provides teaching services for the University of
Auckland’s School of Optometry & Vision Science for
their Bachelor of Optometry degree”.
The School of Optometry & Vision Science is keen to
welcome new and returning mentors for externships
in June and July 2018. If you are interested in becoming
a new or returning externship mentor, please contact
Gini Parslow, practicum placement co-ordinator at
firstname.lastname@example.org or phone 027 406 8543. ▀
and get expert advice about what is likely to best suit
Technology advice is provided by Vision Australia
staff plus representatives from tech organisation
partners, including Samsung, Apple and Google,
and specialist adaptive technology providers such as
IrisVision and OrCam.
Other highlights of the new space include
demonstration home environments, including an
accessible kitchen and cooking aids (both low and
high-tech solutions); a living room with TV/voice
integration home devices; workplace/home study
tools; Google Home to control lighting and provide
audio cooking instructions; and other tools such as
Samsung’s voice-controlled screen magnification tech.
“Accessibility is a key consideration for people who
are blind or have low vision and we’ve taken that into
account with the design, layout and other features in
the space,” Mr Hooton said. ▀
We’re bringing more
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NEW ZEALAND OPTICS
Low vision in the 21st century
BY NAOMI MELTZER*
Last century, low vision services were regarded
as a last resort and an admission of failure.
Generally, when patients enquired as to
whether there was anything available to help
them see, the answer was either a tentative, ‘you
could buy a magnifier’ or a more defensive, ‘you’re
not bad enough for that yet’.
When medical and surgical options ran out,
the patient was dismissed with ‘there is nothing
more that can be done, sorry’. This was effective
at getting the patient out the door, but left them
emotionally and physically stranded, unable to
comprehend how to function visually when they
were neither blind nor seeing. More patients were
rendered functionally “blind” by this statement
than by any other documented pathology and,
sadly, many continue to exist in this state today,
convinced this statement remains true as it was
given by those they trusted.
For some, this attitude has continued into this
century, despite huge changes in medical, optical
and electronic technology, and the current view
of low vision as a spectrum of functional changes
that occur along the pathway between normal
vision and no light perception. A few weeks after I
started my low vision practice in 2011, I ran into an
ophthalmological colleague who told me, ‘I hope
you never get to see any of my patients!’ But for
many, there has been a shift in thinking towards
understanding that visual function cannot be
defined by the size of letter read on a high-contrast
distance chart or a monocular electronic visual field
analysis; and visual rehabilitation does not mean
restoring vision to normal, but the rehabilitation
of a person with visual loss to function within their
family, whanau, community or workplace.
Much of this change has been driven by the
realisation that even with the amazing advances
in medical science in the management of
ongoing problems such as glaucoma, macular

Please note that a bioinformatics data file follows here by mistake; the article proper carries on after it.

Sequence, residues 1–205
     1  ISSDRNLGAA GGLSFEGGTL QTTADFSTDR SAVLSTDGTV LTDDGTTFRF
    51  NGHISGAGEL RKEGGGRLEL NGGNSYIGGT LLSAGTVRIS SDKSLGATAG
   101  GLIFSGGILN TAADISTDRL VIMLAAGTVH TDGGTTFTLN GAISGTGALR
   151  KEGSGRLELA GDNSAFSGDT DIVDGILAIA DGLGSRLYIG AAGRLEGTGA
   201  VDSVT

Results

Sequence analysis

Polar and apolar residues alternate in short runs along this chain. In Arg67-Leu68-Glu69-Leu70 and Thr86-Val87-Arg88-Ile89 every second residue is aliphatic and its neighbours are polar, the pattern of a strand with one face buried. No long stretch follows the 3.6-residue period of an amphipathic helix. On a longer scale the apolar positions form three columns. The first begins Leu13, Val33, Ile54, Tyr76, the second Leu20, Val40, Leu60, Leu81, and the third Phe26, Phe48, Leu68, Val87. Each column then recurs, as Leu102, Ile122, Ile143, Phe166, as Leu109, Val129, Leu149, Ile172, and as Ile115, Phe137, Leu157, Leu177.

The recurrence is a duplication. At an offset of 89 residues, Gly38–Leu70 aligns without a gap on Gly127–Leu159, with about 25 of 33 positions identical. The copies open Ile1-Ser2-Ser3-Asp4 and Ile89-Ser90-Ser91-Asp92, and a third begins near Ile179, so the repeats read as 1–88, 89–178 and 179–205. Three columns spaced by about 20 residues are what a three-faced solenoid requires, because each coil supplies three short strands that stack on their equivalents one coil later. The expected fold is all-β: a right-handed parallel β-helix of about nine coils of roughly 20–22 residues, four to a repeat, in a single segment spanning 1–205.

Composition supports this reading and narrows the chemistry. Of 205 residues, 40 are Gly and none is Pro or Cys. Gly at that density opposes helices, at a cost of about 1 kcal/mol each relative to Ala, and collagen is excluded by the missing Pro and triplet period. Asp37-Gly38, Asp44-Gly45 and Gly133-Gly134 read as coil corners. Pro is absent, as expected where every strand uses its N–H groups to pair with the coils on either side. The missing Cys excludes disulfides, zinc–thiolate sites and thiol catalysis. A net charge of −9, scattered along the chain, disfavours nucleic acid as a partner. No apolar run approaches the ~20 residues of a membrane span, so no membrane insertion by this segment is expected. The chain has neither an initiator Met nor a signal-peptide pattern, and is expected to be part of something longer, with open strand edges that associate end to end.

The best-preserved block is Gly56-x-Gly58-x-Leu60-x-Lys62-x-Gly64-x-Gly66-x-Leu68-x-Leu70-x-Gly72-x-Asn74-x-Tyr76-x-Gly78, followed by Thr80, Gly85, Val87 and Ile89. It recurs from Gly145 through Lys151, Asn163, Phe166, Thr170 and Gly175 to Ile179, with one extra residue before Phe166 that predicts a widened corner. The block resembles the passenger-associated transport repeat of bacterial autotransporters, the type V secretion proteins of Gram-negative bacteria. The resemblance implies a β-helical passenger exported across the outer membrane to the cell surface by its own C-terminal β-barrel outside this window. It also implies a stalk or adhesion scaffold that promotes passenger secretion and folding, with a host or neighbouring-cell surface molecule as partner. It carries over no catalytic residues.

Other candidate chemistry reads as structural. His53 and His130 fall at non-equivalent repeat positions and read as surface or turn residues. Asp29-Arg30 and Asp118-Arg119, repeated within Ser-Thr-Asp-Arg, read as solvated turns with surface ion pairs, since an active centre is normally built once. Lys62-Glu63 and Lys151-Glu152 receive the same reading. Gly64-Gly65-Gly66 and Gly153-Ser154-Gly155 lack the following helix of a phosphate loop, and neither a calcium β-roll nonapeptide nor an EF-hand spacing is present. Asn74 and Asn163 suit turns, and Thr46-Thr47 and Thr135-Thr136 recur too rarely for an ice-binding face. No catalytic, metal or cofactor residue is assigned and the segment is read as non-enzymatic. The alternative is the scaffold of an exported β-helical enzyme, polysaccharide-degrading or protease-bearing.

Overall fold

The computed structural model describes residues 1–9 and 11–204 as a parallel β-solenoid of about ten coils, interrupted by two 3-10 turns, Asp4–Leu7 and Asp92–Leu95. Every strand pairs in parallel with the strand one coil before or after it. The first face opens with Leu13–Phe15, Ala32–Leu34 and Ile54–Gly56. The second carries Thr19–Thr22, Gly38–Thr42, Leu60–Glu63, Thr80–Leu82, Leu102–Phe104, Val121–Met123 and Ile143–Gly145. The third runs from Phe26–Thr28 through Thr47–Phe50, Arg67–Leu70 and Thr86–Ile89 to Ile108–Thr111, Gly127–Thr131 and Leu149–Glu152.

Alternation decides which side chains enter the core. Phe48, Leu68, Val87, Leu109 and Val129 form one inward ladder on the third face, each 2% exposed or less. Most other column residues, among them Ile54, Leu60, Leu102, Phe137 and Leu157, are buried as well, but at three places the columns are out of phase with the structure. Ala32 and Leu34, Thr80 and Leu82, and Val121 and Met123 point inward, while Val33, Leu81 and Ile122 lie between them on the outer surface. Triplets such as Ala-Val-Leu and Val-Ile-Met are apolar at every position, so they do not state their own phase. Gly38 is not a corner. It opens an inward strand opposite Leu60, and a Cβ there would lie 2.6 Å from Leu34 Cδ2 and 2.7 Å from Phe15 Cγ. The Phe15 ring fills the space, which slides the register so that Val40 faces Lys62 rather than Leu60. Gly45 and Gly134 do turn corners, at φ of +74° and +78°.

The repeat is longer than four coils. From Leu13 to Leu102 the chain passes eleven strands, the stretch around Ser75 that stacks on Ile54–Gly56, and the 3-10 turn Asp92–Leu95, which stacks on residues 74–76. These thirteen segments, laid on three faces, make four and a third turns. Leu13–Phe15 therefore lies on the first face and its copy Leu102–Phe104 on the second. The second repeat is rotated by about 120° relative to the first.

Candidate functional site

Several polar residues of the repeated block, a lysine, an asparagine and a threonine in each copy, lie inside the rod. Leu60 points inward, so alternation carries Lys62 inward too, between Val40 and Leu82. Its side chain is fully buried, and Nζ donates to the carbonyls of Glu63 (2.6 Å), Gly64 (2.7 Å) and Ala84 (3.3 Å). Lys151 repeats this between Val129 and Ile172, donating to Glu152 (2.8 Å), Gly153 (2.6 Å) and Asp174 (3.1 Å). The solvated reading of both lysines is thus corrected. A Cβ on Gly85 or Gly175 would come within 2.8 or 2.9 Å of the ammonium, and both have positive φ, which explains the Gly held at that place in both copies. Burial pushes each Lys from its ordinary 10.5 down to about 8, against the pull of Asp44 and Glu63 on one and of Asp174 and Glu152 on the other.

degeneration or other retinopathies, it is just that
– management of the condition – not restoration
of normal visual function. Thus, the best outcomes
are obtained when patients are given as much
information as possible on the range and type of
additional services available to them sooner rather
than later when all else has failed.
Times are changing for low vision patients, and about time too
Today, the modern low vision consultation reviews
how a patient with low or declining vision functions
in their everyday environment and how we can help
them use the vision they have more efficiently to
manage their day-to-day activities. This involves
taking a holistic view incorporating their general
health, and the impact of perhaps other health
problems such as stroke, Parkinson’s or diabetes
on their visual functioning; and their physical
environment – are they confined to one, poorly-lit
room in a rest home or actively participating in
sport or looking after other family members? Does
their visual problem extend to passive reading or
do they have other needs such as mobility or glare
control? Is there a history of amblyopia, binocular
vision instability or balance problems that has been
forgotten along the way or considered irrelevant due
to the patient’s poor distance acuity? Has the need
for prescription glasses to focus at near range been
overlooked as their vision deteriorated? Or do they
perhaps simply need reassurance there are options
available to help them if and when they need it?
A functional, low vision consultation helps assess
each patient on an individual, case-by-case basis,
going way beyond the ‘let’s see if a magnifier will
Recently, a request for assistance from a resource
teacher brought home to me how much a bit of
lateral thinking and a good stock of low vision
aids can change an
day. A 12-year-old
boy with low vision
due to retinopathy
of prematurity, copes
well in the classroom
with just his spectacle
his hypermetropia and
high cyls plus a closeworking
use his accommodation
for extra magnification.
However, given he was
and sewing and would
have to use sewing
machines, fretsaws and
grinding machines and the like, the resource teacher
was on the hunt for some additional magnification
She had found a magnifier attached to a
goose neck stand, but this got in the way of the
student and couldn’t be moved easily from one
piece of equipment to another. The boy was also
required to wear safety glasses for the woodwork
equipment so an initial idea to use a head loupe
was a non-starter, while a large magnifier on a
tilting wire frame, ‘just got in the way’. We settled